“Regulators will have to give fintech companies incentives, otherwise, they won’t operate in Israel"
Team8 Fintech Managing Partner Rakefet Russak Aminoach discussed why fintech companies do not enter the local market at Calcalist's FinTech 2021 Conference
"Fintech is a much more complex ecosystem than that of cyber and data. Companies are required to understand the regulation and actors, and it also has a lot of barriers. Given the situation, entering the market is complex and expensive so it is hard to expect a small fintech company with limited resources to choose the Israeli market because it is very small. The local size disadvantage is very significant, so regulators will have to give companies incentives to run pilots without regulatory processes in order to overcome it. It just will not happen on its own, someone will have to help it happen, otherwise, fintech companies won’t operate in Israel,"
said Rakefet Russak Aminoach, Team8 Fintech Managing Partner and the former Bank Leumi CEO, in a conversation with Calcalist reporter Irit Avisar at the FinTech 2021 conference Tuesday.
According to Russak Aminoach, customers are moving very slowly in the financial world, sticking with traditional institutions. "The powershift in the financial field is very slow. So what we see is that the big actors have the most customers and revenue, even though their service and product are falling behind, even if they have tried and adapted. On the other hand, we see fintech companies with advanced products or services, having a small number of customers. That is why fintech companies cooperate with traditional entities, servicing the customers where they are. In addition, there is also a new group of fintech actors, companies that are not financial, but realized that whoever has customers, has power, companies like Uber or Shopify, who also collaborate with fintech companies.”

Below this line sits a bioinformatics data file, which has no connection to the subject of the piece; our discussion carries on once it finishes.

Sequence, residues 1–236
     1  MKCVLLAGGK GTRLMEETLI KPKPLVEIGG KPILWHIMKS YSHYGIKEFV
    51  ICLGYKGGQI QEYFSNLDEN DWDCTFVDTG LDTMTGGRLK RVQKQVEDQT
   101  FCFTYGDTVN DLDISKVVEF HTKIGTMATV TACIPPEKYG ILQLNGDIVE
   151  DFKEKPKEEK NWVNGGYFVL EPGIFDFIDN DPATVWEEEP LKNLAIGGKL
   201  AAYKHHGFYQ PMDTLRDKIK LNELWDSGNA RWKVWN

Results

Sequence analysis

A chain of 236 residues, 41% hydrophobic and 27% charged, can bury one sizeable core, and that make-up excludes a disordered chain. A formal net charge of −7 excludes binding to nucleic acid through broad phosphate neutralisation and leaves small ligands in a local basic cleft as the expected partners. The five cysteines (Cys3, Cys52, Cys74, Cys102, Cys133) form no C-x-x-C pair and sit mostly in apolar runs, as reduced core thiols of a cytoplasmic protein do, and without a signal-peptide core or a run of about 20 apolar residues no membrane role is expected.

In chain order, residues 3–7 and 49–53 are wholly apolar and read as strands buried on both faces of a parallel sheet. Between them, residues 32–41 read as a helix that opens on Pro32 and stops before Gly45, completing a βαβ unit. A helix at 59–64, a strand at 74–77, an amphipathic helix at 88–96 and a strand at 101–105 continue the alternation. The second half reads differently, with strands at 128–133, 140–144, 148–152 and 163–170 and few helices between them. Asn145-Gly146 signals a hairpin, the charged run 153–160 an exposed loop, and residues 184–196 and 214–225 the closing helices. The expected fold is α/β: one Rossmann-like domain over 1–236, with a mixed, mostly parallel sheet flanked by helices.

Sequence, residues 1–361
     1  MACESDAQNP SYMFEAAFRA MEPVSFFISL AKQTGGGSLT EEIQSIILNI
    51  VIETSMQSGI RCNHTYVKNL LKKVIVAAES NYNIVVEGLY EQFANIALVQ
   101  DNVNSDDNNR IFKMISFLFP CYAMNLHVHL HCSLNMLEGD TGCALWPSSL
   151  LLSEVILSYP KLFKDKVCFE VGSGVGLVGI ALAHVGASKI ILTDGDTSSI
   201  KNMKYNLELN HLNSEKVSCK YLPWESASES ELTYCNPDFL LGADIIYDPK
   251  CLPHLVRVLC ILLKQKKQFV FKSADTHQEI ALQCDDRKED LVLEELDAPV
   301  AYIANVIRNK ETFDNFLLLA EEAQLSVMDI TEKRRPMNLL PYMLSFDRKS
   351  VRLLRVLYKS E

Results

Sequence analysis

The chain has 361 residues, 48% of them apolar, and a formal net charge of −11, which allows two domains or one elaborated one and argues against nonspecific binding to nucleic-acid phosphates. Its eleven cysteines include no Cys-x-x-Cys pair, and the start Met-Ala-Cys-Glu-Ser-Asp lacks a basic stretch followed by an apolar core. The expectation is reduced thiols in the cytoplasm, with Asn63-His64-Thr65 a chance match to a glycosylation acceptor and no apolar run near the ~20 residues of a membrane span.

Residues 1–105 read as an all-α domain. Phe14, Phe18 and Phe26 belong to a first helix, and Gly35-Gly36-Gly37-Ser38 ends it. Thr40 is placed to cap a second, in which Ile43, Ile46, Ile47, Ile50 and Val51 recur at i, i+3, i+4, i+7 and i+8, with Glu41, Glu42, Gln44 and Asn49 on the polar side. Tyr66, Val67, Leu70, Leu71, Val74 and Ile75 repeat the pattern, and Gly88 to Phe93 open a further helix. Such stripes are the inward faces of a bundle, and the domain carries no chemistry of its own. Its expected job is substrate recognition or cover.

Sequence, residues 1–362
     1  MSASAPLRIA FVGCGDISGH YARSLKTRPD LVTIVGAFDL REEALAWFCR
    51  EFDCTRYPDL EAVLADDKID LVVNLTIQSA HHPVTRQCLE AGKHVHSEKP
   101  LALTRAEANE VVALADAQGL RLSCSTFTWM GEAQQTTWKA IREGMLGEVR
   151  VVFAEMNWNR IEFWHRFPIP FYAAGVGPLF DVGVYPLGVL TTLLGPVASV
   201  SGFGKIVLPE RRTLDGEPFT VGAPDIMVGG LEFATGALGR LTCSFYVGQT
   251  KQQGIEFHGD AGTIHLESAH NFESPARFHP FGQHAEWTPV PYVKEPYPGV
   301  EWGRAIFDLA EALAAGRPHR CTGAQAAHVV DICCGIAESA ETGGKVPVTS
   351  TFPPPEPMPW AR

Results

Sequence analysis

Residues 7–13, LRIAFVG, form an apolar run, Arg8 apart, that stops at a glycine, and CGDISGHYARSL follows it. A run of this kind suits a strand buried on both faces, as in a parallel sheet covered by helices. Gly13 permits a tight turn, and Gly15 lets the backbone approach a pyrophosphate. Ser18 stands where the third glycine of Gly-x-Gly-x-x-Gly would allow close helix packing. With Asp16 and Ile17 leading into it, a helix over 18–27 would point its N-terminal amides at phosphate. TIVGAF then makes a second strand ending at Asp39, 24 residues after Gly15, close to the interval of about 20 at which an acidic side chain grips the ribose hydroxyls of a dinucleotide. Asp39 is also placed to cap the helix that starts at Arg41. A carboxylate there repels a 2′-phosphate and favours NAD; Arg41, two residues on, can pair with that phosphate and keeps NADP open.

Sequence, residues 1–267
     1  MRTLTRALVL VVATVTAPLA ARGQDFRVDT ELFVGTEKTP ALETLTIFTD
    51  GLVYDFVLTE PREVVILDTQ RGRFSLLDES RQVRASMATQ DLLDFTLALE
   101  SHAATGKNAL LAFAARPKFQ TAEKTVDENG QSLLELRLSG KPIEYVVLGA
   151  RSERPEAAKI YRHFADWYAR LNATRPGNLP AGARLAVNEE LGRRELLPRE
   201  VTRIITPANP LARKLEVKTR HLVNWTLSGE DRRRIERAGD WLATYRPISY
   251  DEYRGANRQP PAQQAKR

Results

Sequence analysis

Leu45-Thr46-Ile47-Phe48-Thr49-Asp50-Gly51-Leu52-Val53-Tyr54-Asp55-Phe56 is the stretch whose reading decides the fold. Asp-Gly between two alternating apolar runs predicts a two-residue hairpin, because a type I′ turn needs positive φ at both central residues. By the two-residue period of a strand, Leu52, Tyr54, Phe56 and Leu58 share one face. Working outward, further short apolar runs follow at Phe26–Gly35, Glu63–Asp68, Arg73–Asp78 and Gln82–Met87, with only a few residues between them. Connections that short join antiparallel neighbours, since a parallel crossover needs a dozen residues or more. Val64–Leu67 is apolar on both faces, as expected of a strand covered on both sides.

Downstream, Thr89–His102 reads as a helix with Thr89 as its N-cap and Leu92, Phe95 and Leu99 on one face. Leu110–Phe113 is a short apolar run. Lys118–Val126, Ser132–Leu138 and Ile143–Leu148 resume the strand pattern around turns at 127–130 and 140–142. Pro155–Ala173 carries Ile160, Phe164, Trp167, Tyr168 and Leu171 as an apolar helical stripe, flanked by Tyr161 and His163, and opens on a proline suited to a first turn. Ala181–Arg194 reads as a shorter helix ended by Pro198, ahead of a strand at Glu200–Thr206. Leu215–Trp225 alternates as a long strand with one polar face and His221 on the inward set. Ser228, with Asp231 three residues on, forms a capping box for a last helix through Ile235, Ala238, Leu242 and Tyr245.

Although many are becoming fintech actors, Russak Aminoach does not see a bubble in the field. "Recently, there has been a lot of money in high-tech, as well as in the capital markets. We are seeing a period in which excess money creates very high values. It's not just fintech or just high-tech and not just Israel. Although the amount of Israeli unicorns since 2020 is more than 10% of the global amount, and we are talking about huge hype, what we see here is first and foremost the maturation of the high-tech industry in Israel. There are many more entrepreneurs here, for some of them it is not the first time and not the second time, but it is wider than Israel and fintech. I believe these worlds have waves, they are never at the same height but I would not call it a bubble. There are times when everything is high and then there is a correction. I think there will be a correction," she said.
Regarding the matter of recruitment of high-tech workers in Israel, Russak Aminoach said that it is impossible not to feel the talent squeeze, but that this is the magic of startups, so it is good that the talent is courted. “One of Team8’s great advantages is that we have great access to talent coming out of elite units in the military. 60% of our people are from these units, and 70% of the recruitments come through friend referrals. We have 600 people who refer the people they know, so it's easier. Sure there is competition for people and salaries go up, but I never believed that the first reason a person chooses a position is the salary. In high-tech, equity is more significant than salary, because it is a much more meaningful part. Many of these kids don’t really come every morning and kill themselves for their startup because of salary, there is something that needs to attract them, either what the startup is building, or their role is very interesting. There needs to be a very high quality package, and they consider it all."